A lock-on coupled with a reticule will help you keep your shots on target, while various special abilities make busier fights more manageable. The “Ram” ability, a surprisingly useful but near-suicidal move, lets you ram other planes for massive damage. A cartoony 180% quick-turn, looking like it jumped ship straight from Hot Shots, let’s you do a super useful and illogical movement at the expense of a little fuel. There are other abilities as well, many of which are jet-specific.

A little bit of light management plays into combat as well. Guns can overheat and lock-up until they cool down, so you’re going to have to pay attention to that meter, while speeding up or using the quick-turn consumes fuel. Fuel replenishes fairly easily but in intense dogfights you need to keep an eye on it as, if you run out, you won’t be able to outrun slugs or quick-turn to get the drop on an enemy.

Dakka Squadron Switch visuals

Outside of these small complexities, Dakka Squadron will never tax you, not even in the boss fights. The simplicity of its design is both a strength and a weakness, as you’re going to be doing the same thing over and over across the entire campaign. Its fine in short bursts but on the longer missions, some of which culminate with an extended boss fight, it can get tiresome – especially with constant waves spawning in and slowing you down between clearing objectives.

You see, Dakka Squadron also suffers from a common problem in aerial combat games: most dogfights devolve into flying around in circles, while either struggling to hit an enemy that also flies in circles, or avoid one you can’t shake from your tail. I eventually found the best tactic was simply to zoom on ahead, do a quick-turn, and then play chicken with them while unloading everything in my arsenal. While this issue is less severe against the many basic grunts, it still exists and saps some of the wind from the games mostly fun sails.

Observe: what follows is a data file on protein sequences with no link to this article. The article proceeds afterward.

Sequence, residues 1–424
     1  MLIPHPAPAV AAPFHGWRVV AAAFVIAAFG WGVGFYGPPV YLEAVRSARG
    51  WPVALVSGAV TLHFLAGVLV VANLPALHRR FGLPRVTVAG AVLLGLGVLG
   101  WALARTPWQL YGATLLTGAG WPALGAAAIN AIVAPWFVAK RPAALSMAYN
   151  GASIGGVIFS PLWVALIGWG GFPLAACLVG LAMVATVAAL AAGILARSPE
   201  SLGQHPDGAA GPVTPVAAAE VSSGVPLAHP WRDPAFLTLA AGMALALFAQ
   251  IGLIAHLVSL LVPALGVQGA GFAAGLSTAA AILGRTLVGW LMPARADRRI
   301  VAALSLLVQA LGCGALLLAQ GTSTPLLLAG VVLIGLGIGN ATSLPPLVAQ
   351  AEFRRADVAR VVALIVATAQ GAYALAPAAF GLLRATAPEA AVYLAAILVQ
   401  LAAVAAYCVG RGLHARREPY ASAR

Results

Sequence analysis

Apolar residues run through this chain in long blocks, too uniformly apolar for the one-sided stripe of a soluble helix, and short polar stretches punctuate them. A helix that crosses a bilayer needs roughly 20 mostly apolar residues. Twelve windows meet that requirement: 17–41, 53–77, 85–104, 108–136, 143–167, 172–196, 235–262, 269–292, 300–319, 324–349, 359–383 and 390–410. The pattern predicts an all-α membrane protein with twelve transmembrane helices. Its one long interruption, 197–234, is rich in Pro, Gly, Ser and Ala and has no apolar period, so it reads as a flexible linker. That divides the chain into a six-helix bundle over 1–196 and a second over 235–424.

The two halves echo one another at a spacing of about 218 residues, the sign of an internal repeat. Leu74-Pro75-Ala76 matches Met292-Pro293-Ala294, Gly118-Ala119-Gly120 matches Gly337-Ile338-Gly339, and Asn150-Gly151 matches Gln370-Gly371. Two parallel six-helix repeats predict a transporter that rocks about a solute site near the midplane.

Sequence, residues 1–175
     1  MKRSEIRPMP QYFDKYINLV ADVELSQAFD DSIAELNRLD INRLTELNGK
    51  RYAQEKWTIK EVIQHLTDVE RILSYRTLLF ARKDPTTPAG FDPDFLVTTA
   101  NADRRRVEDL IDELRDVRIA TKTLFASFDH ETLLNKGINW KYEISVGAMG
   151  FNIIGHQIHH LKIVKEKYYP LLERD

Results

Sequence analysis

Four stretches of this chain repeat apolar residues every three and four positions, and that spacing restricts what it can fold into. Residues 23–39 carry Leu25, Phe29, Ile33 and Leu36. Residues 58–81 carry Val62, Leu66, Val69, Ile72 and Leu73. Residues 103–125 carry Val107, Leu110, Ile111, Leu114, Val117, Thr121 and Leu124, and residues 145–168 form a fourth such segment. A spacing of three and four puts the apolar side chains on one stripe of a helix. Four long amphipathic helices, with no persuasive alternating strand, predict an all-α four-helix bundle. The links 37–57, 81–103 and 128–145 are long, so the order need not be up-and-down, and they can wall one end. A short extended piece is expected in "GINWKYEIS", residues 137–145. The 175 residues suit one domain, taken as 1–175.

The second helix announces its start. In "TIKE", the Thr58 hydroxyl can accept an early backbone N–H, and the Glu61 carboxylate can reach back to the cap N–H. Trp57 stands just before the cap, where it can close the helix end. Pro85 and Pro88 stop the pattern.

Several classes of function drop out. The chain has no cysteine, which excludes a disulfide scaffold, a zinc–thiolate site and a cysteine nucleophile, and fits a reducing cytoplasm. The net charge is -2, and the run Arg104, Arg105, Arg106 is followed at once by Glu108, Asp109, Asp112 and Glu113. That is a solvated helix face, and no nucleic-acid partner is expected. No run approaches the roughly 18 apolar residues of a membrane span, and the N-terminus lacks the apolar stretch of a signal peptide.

Another area that Dakka Squadron suffers – on Switch at least – are the subpar visuals. While the Warhammer 40,000 aesthetic is on full display, this is probably not the best version to experience it. The visuals are passable, but the game suffers from slowdown and muddy backdrops. The resolution is quite low and there seems to be variable resolution at play that can make it worse. Coupled with no anti-aliasing, some really basic textures, and low polygon assets, Dakka Squadron on Switch is certainly no looker. Oh, and if you’re playing on a Switch Lite, as I did, prepare to squint a lot as the games text is tiny, making trying to read the various mission objectives an absolute eye-straining chore. Thankfully the games simplistic nature makes it redundant as you basically have to shoot everything you see.

That said, there needs to be a shout out for the writing and voice acting. Most of the dialogue sounds like it comes straight from the 80’s British punk/gangster scene and is, I feel, probably an acquired taste for fans of the IPs. What I can say is the Ork voice actors deliver it with gusto!

Wrapping up, despite its visual shortcomings on Switch and overly simplistic gameplay loop, Warhammer 40,000: Dakka Squadron is an entertaining enough arcade game – just one that’s best played in short bursts.

Warhammer 40,000: Dakka Squadron was reviewed on Nintendo Switch using a code provided to gameblur by the publisher. It is also available on PC, Xbox One/Series S|X, PS4/5, and mobile stores.

Warhammer 40,000: Dakka Squadron (Nintendo Switch) Review

Warhammer 40,000: Dakka Squadron (Nintendo Switch) Review
7 10 0 1
7/10
Total Score

The Good

  • Fun, simplistic, arcade-like gameplay
  • Attribute-boosting and cosmetic customisation options for your jets
  • The Ork writing and voice actors!

The Bad

  • Gameplay loop can get repetitive
  • Tiny text in handheld mode
  • The visuals and performance on Switch are not great
Total